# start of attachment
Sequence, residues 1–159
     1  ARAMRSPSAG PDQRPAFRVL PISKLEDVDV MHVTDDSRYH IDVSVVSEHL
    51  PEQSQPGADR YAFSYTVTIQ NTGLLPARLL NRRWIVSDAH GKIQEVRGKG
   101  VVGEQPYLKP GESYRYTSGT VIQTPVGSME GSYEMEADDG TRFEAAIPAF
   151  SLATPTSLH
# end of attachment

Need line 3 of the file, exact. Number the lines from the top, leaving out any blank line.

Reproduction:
    51  PEQSQPGADR YAFSYTVTIQ NTGLLPARLL NRRWIVSDAH GKIQEVRGKG